Software provider Aspera, an IBM company, announced expanded capabilities for its on-demand data transfer platform for Big Data workloads. The company, which IBM acquired late last year, made the announcement at the International Broadcasting Convention (IBC) in Amsterdam earlier this month.
Data mobility is a difficult problem to solve when dealing with massive amounts of data. Companies in the Big Data analytics ecosystem have taken different approaches to the problem, some working on accelerating movement of data and some finding ways to analyze data in place.
Aspera describes its patented FASP technology as giving businesses the ability to overcome inherent bottlenecks in broadband wide area networks that slow the transfer of extremely large files, such as high-definition video or scientific research files, over distance.
The company said the latest FASP 3.5 technology will allow any content to seamlessly move across distributed cloud and on-premises systems while meeting fluctuating demands in real time with speed, control and ease. It is integration with all major cloud vendors.
The platform transfers and synchronizes large ultra HD files or millions of small files direct to cloud storage.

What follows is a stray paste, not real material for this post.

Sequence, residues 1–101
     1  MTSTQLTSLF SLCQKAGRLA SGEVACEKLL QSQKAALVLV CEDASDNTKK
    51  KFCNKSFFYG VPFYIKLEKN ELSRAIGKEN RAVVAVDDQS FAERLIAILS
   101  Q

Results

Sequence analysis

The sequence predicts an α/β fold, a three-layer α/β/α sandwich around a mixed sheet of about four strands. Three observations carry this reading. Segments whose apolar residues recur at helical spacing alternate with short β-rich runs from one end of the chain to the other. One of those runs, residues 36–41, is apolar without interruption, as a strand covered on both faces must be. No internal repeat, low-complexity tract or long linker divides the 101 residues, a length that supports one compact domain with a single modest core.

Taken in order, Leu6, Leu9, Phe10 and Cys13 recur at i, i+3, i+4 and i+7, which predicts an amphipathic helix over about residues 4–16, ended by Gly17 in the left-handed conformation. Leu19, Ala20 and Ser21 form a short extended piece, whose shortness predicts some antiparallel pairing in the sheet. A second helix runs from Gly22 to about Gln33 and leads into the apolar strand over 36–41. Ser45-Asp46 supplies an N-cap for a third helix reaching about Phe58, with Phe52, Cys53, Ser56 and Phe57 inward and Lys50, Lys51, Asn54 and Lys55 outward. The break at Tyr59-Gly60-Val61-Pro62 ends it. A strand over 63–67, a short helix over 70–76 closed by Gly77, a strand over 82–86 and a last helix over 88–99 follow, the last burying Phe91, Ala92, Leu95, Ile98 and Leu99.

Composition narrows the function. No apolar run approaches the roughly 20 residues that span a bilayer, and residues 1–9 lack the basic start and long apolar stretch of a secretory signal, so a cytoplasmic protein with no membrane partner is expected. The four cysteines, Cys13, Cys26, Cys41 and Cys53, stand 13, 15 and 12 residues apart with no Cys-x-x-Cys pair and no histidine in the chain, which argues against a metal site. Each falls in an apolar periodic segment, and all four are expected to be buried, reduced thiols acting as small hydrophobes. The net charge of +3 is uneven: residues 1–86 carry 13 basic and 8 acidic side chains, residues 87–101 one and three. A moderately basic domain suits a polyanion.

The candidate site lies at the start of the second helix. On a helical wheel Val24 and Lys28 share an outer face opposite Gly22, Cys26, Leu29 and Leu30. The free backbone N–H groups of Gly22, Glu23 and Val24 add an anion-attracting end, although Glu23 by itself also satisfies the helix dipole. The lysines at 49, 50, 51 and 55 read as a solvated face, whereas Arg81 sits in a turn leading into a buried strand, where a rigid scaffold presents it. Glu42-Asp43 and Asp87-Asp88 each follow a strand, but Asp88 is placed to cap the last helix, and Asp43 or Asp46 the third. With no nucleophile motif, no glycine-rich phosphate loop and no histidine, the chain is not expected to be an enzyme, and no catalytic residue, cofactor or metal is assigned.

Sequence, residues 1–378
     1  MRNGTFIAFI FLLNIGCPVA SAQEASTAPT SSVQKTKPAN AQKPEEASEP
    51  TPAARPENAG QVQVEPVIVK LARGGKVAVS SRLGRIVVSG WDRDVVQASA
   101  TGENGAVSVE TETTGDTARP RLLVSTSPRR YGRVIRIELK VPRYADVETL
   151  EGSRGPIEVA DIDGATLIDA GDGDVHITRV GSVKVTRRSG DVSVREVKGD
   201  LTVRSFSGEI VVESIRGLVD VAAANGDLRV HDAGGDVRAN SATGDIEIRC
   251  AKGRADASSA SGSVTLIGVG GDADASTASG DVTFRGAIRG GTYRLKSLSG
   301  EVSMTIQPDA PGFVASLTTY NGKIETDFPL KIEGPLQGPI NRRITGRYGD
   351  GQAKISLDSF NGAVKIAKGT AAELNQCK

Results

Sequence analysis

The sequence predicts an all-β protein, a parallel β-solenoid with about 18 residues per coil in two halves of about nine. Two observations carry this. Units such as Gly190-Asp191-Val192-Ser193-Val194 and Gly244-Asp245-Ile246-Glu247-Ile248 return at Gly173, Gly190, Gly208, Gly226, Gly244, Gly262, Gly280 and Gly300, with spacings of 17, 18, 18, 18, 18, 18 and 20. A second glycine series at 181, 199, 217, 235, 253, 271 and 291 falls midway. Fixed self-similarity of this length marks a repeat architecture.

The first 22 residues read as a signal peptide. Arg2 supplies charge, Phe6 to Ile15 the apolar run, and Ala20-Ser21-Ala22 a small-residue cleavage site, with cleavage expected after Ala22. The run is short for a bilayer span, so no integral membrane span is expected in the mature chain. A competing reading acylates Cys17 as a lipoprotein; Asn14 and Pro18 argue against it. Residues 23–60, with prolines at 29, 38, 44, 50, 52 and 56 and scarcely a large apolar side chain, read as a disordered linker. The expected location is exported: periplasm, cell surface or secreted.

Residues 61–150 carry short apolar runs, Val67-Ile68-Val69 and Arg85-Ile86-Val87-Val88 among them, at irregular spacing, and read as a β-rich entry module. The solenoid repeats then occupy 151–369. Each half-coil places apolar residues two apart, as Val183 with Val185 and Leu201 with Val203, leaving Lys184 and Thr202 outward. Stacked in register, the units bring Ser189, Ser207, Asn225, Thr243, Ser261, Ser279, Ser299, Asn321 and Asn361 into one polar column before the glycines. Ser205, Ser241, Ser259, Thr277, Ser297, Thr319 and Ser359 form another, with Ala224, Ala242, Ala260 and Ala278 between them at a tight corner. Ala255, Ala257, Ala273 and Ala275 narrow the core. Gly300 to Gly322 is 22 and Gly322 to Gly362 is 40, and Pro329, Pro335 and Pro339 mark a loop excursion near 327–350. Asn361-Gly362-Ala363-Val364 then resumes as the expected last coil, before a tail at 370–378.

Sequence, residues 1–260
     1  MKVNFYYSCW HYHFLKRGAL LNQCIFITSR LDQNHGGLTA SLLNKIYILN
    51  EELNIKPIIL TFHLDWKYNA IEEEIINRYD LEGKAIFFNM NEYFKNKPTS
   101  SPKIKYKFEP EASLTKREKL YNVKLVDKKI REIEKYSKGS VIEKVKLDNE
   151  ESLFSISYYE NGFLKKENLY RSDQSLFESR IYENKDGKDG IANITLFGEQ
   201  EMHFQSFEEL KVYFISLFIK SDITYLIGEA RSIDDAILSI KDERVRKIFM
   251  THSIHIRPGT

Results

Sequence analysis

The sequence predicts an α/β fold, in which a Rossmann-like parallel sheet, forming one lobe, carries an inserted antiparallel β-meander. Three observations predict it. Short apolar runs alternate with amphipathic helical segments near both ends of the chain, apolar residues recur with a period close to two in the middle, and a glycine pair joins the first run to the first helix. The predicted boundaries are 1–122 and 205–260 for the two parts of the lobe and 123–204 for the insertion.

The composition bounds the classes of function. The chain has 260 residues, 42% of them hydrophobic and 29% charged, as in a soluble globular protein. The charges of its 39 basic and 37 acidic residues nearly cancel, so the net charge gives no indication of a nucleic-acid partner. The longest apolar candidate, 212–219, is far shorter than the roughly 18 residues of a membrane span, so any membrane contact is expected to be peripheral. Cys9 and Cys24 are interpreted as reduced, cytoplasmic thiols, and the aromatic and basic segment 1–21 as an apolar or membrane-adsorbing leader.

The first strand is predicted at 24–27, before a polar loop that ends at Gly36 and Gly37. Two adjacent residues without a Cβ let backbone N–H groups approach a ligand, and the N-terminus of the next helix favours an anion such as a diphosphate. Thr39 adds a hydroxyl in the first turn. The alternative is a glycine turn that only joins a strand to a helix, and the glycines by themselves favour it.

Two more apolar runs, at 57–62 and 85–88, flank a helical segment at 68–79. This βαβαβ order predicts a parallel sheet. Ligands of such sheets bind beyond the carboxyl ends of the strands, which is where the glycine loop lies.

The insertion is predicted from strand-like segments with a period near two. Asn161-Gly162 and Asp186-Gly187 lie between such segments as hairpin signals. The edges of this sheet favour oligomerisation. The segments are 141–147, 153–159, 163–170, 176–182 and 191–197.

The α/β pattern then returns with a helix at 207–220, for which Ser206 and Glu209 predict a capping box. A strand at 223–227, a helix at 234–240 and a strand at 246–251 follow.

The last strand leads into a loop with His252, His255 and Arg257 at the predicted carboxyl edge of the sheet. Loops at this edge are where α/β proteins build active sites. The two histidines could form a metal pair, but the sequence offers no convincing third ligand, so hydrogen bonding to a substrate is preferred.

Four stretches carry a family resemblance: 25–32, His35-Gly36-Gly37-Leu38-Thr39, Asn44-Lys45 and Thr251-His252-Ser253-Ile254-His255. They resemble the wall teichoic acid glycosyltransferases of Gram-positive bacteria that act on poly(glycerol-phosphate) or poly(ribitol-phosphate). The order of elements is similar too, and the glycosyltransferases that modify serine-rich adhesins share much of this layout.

To bring cloud scale to its direct-to-cloud storage transfer capabilities Aspera has also launched an Auto-scaling Transfer Platform that automatically scales and expands transfer capacity of Aspera server software in the cloud, providing media companies the ability to expand capacity as needed and leverage the most cost-effective infrastructure.
Michelle Munson, president and CEO of Aspera, said, “Consumers are watching media and streaming videos at unprecedented rates while pushing the limits of content providers’ abilities to meet these rising expectations.”
Aspera also announced a set of FASPStream APIs, which allow live video transport and data feeds over global WANs in real time for near-live production on remote cloud systems. All transfer performance statics are captured by a new scale-out data store for distributed, high-throughput collection, aggregation and reporting.